It’s time for another 2018 wrap-up post! This one focuses on reviewing my theme for the year, “essential,” and reflecting on the various ways that it has impacted my life. I will also share the key word/theme I have selected for 2019 and my reasons for choosing it. Since 2014, I have been selecting yearly …
Those of us who grapple with body image issues tend to spend a lot of time and energy focusing on our physical imperfections and lamenting all the things we feel are wrong or missing. We are often so keenly attuned to the perceived negatives of our physical being that we completely lose sight of the many positive aspects inherent in having a body.
Today, I completed exercise #3 from “200 Ways to Love the Body You Have.” This exercise, simply titled “Gratitude,” challenges us to list all of the ways our bodies serve us, those things we wouldn’t be able to experience if we didn’t have a body. Surprisingly, I had no trouble at all creating my list and within a short fifteen minutes, I had listed 25 blessings for which I feel gratitude toward my body.
My list mostly encompasses the many joys of experiencing life through the five senses of sight, hearing, smell, taste and touch.
A few weeks ago, I went to see a specialist about the throat discomfort and swallowing problems I’d been experiencing (see my “It’s Always Something” post for more about this). As usual, I had to spend quite a bit of time in the waiting room, and this particular waiting room was more crowded than usual. In addition, the phone was ringing off the hook and the environment was far from peaceful. To combat my internal frustration, I decided to journal about my feelings in that moment. Here is an excerpt of what I wrote:
“Waiting to see specialist, room full of people… I don’t want to be here! I don’t want the medical model with all of its procedures and medications. I am tired of identifying as a sick person! I need to heal myself spiritually. I can do it, and I will!”
In that moment, I felt absolute clarity about what I did and did not want. I was clear in my desire to focus on my “healing project” rather than pursue medical procedures and prescription drugs. I didn’t have much time to reflect, however, as I was quickly whisked back into the examining room to see the doctor. Almost immediately, she spoke of my having an endoscopy and taking twice-daily medications. These things were exactly what I didn’t want!
I requested that the endoscopy be postponed for a month. I agreed to take the medication, but I never ended up filling the prescription due to my worries about potential side effects. Instead, I’ve been focusing on lifestyle changes such as eating more digestible foods in smaller portions and chewing my food more thoroughly. I also take small doses of over-the-counter medication, which seems to be sufficient at this point. Although my throat problem (medical term = Laryngopharyngeal Reflux) has not gone away, it’s definitely less severe than it was a month ago.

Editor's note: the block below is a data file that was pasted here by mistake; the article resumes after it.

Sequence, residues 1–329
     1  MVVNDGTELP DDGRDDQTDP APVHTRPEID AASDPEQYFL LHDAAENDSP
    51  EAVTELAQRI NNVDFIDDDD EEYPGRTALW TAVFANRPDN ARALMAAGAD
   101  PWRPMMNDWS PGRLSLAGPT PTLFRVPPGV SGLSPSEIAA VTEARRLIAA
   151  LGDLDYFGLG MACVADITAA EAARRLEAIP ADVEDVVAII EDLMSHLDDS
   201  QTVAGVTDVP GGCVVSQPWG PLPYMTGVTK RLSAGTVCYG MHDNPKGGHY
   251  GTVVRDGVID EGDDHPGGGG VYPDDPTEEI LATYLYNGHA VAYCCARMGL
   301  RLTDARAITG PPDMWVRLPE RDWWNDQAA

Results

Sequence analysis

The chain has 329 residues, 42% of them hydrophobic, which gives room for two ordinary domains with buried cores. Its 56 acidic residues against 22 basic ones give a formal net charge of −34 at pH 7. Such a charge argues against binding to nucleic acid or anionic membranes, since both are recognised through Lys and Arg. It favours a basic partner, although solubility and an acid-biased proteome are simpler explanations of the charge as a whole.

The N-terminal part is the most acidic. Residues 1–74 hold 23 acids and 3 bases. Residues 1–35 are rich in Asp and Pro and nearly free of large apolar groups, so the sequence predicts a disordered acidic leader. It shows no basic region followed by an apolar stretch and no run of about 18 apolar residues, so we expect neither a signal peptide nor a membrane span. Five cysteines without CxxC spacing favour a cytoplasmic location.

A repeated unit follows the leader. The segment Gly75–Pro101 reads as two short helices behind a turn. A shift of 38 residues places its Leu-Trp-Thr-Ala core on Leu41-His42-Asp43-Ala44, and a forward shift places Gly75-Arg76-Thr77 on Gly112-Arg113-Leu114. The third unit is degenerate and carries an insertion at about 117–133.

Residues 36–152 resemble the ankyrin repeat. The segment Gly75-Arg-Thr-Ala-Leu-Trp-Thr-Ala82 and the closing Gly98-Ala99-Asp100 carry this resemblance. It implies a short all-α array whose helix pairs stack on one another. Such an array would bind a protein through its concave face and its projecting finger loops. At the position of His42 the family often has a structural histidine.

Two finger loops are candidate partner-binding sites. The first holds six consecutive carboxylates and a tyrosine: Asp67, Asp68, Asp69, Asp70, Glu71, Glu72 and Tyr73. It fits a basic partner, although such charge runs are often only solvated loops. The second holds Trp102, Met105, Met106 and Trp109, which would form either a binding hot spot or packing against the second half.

Last weekend, my husband and I went on an overnight trip to Catalina Island. This place holds special meaning for us, as it’s where we were married almost 9 years ago. The island is just a short trip from where we live in San Diego, yet it feels like a world away. We generally try to visit Catalina at least a few times per year, sometimes on short notice when we feel the need to get away.
We were lucky to be greeted with warm and beautiful weather for our short getaway. This was fortuitous given that June tends to be cool and overcast in the coastal Southern California areas (hence the term “June gloom” which is used by locals). Warm weather inevitably brings out young women in bikinis, working on their tans and strutting their stuff along the beaches.
Needless to say, I am not one of these women in bikinis. While I have worn a bikini a few times in my life, those occasions have been extremely rare and punctuated by intense self-consciousness. Nowadays, it is a major breakthrough for me to even wear a bathing suit at all. The usual occurrence is about once or twice a year and I haven’t purchased a new swimsuit in close to ten years. I generally try to avoid occasions which call for swimsuits like the plague, although I once was a competitive swimmer and someone who loved being in the water.
To weigh or not to weigh, that is the question. Sure, it’s not as substantial an issue as Hamlet’s “To be or not to be,” but it is a question I’ve been pondering in recent days.
A bit of background is in order. Until around a month ago, I hadn’t weighed myself in two and a half years. I decided to break that streak because I felt my hesitation to step on the scale was grounded in fear, as opposed to being a triumphant and empowering choice. I had reached the conclusion that it would be more courageous for me to weigh myself than to continue to fear an inanimate metal object. I wrote about this process in a post titled “Facing Fears” in my sister blog, “The Healing Project.” At that time of that post, I was feeling quite liberated by having faced my scale phobia after such a long period of trepidation.
Moments of Truth…
Fast forward two weeks… I have since weighed myself two more times. As my initial weight did not meet with my approval, I vowed to weigh myself weekly until I had lost at least five (and preferably closer to ten) pounds. My second scale experience of 2010 went well, as the number had migrated two pounds in the right direction. I felt exalted and successful; the scale had proclaimed my acceptability and I could proceed in my life without criticism or self-flagellation. I only briefly considered the inherent stupidity in allowing one mere measure of my entire being to make a statement on my worthiness. After all, I was feeling good, so why question it?